Last week I introduced legislation (HB 2772) to stop taxpayer funded pension benefits for lobbyists.
You read that right — Kansas funds KPERS pensions for select lobbyists. It came to my attention that apparently long ago, several lobbying groups managed to slip into law special KPERS pensions for their industry/association lobbyists. In fact, upon further research I discovered that Kansas is one of a handful of states with taxpayer funded pensions for certain lobbyists, putting us in company with such ethics-challenged states as New York, New Jersey and Illinois.
These are lobbyists that pressure the Legislature for more tax dollars, and often tax increases, to benefit their industries or association members. Kansas already struggles with funding KPERS to meet the promise made to true public service employees. We cannot afford to be rewarding lobbyists with golden pensions.
The groups in question are largely “off the books” advocacy groups created by certain government-related entities such as cities, school boards and athletic associations. These entities all have layers of officers, staff, and assorted bureaucracies. Yet, have used your tax dollars to form outside lobbying organizations not accountable to local taxpayers who foot the bill. Local units of government using taxpayer dollars to lobby for more tax dollars has long been a point of controversy. Giving “off the books” lobbyists taxpayer funded pensions, however, is more akin to pointed corruption.
The Kansas Public Employees Retirement System was established to attract and benefit employees engaged in public service accountable to the people of Kansas. Exploiting KPERS to benefit lobbyists while jeopardizing pension benefits for true public servants is unacceptable.
It’s worth noting that this secret pension scheme was allowed to linger in the dark for all of these years largely due to Kansas not having an independent State Auditor to root out such practices. It’s another reason why I earlier introduced legislation (HB2747) to empower the Kansas State Treasurer with audit oversight authority to investigate these very matters. Both HB 2772 and HB 2747 are awaiting hearings in committee this session.
This bill would amend law concerning teachers’ due process procedures when such teachers receive notice their contracts will be terminated or non-renewed. The bill would amend the definition of “teacher” to include any professional employee who is required to hold a certificate to teach in any school district and to specify the definition does not include supervisors, principals, superintendents, or any person employed under the authority of the statute governing the hiring of these kinds of administrative personnel. The bill would also amend the definition of “board” to include the board of education of any school district.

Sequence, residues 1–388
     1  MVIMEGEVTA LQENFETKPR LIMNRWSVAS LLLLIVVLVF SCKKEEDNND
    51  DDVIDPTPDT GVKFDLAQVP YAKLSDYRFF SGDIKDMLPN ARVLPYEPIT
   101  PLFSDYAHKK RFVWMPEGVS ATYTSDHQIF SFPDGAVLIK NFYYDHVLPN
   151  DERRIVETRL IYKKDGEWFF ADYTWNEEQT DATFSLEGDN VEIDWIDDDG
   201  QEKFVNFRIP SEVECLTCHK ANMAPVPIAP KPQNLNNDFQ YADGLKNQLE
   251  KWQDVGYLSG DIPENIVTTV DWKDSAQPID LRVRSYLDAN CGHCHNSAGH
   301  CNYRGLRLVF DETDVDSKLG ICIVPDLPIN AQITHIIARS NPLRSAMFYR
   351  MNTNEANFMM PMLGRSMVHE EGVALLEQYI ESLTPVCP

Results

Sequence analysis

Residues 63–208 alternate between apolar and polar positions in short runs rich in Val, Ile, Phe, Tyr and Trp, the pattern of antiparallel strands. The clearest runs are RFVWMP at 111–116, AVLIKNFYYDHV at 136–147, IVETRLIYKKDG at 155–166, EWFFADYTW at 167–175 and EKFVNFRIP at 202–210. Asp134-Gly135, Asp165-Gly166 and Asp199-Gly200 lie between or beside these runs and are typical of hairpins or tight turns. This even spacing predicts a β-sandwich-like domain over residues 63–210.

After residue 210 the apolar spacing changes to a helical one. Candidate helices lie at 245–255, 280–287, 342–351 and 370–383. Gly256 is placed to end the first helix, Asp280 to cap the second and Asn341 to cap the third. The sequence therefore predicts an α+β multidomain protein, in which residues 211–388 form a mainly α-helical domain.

The bill would require the written notice provided to a teacher of a board’s intention to not renew or terminate a contract to include a statement that the teacher may have the matter heard by a hearing officer upon written request filed with the clerk of the board of education. To afford procedural due process, the bill would allow written testimony of a witness when the witness lives more than 100 miles from the location of a unified school district office. Further, when testimony is presented by affidavit, the bill would require the same to be served upon the clerk of the board of education.
The bill would specify the provisions governing due process rights would apply only to:
• Teachers who have completed at least three consecutive years of employment and been offered a fourth contract in the school district by which such teacher is currently employed; and
• Teachers who have completed at least two consecutive years of employment and been offered a third contract in the school district by which such teacher is currently employed if at any time prior to the current employment the teacher has completed three consecutive years of employment and been offered a fourth contract in any Kansas school district.
The bill would also provide that these due process rights would not apply to any teacher whose license has been non-renewed or revoked by the State Board of Education because the teacher has been convicted of certain offenses in Kansas or another state or entered into a criminal diversion agreement after having been charged with any of those offenses.
HB 2757 passed out of the House (73 Yes, 48 No), and I voted “no.” I support teachers having due process, but I did not support this legislation.
Teachers should expect that they will not be terminated without good reason, but meaningful due process should derive from local boards of which I sit on [Wellsville] USD 289.
I cannot support legislation that allows a single person from outside of a community to usurp the board’s authority. Communities elect school board members and charge them with this specific responsibility and authority. This legislation is an unwarranted interference in the local board’s authority. We can do better. Hopefully, school districts will embrace due process in negotiated agreements to address their stated challenges of recruitment and retention. That is if they determine what is best for their district. At this point the new legislation will go over to the Senate to be heard and worked.
Thank you for the opportunity to represent you in the Kansas Legislature. It is my pleasure to serve you.
Kevin Jones, R-Wellsville, represents Franklin County and the 5th District in the Kansas House. Email him at firstname.lastname@example.org or call (785) 296-6287.